Reviving the Taurus is bull

I don’t know what I find more silly. The fact that Ford has brought back the Taurus name or the fact that my colleague David Kiley—who does consider him a tastemaster of all things marketing—thinks it’s a great idea and that he deserves a whiff of credit for the decision.

In any case, it’s one of the dumber ideas I’ve seen in a while. Ford is taking a name that they killed with a decade of bad design and terrible sales and marketing strategies and putting it on a car that has gone unloved since its launch. Sounds like Ford will flush millions in marketing and ad dollars down the tube with this one.

True, the Taurus was once the best-selling car in America in the late ‘80s and early ‘90s. Then Honda beat it with the Accord and Toyota eclipsed both with the Camry. The 1996 Taurus—the football-shaped disaster that came about when former company Chairman Alex Trotman challenged his designers to scare him—lost what remained of the franchise. Fired CEO Jacques A. Nasser didn’t come up with a quick and thorough facelift and the car sank into oblivion. Ford dumped the cars into rental fleets. For the past year, until the Atlanta factory was closed in November, it was exclusively a rental car. The name is synonymous with cheap cabins, ugly design and the loss of one of the best American car franchises in decades.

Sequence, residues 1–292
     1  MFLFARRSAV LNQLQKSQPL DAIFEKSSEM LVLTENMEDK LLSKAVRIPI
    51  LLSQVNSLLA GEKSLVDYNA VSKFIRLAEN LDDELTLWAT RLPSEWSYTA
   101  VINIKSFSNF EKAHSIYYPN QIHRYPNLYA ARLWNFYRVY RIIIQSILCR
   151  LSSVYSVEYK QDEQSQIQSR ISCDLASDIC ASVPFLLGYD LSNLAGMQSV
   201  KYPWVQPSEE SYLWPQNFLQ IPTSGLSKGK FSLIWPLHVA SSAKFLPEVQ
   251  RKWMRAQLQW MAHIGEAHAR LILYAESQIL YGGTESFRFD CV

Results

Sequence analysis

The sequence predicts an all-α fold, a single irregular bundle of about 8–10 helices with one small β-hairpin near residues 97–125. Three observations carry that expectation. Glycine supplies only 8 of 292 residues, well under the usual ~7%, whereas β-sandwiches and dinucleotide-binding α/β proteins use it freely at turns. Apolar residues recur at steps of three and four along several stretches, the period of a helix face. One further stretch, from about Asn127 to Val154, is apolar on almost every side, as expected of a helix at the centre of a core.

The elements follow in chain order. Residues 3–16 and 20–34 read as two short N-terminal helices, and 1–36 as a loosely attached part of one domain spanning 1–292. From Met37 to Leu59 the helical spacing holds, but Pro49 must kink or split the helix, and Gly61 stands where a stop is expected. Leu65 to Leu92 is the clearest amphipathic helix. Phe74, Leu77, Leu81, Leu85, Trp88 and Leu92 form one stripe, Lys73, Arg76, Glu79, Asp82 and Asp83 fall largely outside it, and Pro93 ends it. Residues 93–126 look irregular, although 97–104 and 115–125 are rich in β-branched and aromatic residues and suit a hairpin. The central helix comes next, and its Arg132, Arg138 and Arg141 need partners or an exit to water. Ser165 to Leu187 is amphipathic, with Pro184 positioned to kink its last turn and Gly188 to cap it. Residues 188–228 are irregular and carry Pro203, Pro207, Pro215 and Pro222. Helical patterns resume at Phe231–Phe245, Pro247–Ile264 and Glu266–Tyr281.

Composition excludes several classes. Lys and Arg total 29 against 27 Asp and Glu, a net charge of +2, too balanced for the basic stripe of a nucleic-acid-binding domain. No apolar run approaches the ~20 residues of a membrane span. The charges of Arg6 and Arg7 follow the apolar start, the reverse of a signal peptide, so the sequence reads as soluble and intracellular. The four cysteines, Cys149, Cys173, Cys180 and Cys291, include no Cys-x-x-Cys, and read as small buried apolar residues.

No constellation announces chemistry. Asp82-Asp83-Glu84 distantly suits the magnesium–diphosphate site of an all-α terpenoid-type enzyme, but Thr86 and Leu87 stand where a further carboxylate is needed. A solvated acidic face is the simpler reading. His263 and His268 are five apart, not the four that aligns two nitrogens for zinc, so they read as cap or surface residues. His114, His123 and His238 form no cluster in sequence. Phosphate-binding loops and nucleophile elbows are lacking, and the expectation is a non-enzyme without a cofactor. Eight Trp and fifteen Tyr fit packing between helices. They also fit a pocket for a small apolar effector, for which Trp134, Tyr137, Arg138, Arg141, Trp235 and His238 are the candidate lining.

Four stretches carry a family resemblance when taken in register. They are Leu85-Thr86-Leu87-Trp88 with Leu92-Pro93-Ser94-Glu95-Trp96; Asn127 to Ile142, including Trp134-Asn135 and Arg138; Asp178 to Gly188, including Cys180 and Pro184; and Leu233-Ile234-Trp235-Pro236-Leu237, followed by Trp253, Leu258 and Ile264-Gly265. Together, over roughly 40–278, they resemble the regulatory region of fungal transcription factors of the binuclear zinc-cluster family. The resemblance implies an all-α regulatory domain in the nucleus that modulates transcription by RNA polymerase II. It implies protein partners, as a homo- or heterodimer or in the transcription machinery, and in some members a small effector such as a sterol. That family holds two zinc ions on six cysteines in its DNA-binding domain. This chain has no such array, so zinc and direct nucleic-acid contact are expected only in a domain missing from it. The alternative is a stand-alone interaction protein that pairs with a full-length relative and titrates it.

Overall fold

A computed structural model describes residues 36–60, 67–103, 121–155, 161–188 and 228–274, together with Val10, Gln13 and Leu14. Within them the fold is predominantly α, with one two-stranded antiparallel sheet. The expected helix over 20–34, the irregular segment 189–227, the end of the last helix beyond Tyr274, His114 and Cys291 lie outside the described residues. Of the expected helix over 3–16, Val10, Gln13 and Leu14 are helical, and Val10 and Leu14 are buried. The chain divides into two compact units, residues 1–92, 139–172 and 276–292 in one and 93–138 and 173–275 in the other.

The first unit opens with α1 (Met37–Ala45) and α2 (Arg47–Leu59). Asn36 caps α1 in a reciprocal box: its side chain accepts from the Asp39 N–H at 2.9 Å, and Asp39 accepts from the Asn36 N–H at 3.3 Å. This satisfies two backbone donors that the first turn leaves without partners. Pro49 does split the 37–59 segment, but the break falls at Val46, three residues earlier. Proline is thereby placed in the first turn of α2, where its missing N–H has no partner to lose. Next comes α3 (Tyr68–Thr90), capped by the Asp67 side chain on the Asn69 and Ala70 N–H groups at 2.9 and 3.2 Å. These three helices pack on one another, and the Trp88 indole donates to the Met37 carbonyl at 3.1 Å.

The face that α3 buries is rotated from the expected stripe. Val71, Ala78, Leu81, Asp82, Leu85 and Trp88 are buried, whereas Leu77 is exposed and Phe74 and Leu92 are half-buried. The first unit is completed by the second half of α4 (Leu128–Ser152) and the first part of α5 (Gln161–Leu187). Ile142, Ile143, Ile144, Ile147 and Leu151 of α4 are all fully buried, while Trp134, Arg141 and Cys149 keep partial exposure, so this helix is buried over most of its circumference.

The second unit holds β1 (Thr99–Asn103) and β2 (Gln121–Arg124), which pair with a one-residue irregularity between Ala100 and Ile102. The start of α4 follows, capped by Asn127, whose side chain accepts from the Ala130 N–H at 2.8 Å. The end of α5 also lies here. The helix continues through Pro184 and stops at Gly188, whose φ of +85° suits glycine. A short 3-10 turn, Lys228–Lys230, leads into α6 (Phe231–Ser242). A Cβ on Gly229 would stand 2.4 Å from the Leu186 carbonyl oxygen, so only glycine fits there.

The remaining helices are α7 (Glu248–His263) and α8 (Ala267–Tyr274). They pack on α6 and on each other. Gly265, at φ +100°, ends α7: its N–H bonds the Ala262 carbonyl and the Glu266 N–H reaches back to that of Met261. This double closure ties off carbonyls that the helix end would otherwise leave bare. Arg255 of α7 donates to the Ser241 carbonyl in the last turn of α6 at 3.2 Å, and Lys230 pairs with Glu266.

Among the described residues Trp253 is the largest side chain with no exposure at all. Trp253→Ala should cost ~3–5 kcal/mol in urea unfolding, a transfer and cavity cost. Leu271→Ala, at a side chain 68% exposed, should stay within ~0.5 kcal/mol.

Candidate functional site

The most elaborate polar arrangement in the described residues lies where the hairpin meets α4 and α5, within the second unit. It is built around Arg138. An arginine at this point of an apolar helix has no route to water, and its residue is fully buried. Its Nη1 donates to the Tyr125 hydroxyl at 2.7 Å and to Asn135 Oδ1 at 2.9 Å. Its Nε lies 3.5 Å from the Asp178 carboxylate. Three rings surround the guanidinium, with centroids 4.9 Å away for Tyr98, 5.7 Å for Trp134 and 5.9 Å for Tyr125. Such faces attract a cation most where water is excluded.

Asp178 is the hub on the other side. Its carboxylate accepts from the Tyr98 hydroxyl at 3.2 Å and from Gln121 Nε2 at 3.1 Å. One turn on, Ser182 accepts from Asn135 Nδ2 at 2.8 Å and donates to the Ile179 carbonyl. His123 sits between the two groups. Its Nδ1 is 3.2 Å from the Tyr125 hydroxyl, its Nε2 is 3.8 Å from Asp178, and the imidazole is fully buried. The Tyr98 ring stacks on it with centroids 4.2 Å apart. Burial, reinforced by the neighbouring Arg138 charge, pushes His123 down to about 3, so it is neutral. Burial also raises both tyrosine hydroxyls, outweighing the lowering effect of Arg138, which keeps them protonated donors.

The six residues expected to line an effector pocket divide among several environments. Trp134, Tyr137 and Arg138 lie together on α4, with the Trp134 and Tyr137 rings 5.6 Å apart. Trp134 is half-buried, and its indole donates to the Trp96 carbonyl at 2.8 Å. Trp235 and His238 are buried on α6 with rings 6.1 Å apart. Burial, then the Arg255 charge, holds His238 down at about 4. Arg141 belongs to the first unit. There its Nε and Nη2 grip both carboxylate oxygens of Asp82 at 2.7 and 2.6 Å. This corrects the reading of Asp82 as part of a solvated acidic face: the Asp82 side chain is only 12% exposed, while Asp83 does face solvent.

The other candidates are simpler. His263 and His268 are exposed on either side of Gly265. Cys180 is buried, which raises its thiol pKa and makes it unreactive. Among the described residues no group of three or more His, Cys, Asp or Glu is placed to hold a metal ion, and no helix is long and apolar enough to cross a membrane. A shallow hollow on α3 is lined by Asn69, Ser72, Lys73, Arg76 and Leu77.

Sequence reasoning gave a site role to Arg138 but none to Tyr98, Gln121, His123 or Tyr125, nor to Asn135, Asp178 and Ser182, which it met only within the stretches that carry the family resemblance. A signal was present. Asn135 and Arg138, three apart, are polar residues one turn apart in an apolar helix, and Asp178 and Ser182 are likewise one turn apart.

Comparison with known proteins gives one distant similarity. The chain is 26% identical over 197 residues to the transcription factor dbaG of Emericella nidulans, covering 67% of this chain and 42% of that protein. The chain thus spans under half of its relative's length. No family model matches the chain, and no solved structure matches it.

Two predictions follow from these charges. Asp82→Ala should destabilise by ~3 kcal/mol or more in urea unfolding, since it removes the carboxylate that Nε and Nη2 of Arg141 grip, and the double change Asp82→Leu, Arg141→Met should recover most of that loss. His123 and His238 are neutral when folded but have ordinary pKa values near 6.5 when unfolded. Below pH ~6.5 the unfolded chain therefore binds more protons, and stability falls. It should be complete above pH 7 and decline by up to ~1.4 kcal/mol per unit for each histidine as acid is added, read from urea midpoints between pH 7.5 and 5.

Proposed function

I’ll offer one caveat. It does have tremendous recognition. If Ford came back with a really great car, the kind of game changer it came up with in 1985, then the company could resurrect the name. But this modest upgrade of the 500 isn’t it.

My pal Kiley wants to know where to send the invoice for his sagacious marketing advice. If I were Ford, I’d sue him for malpractice.

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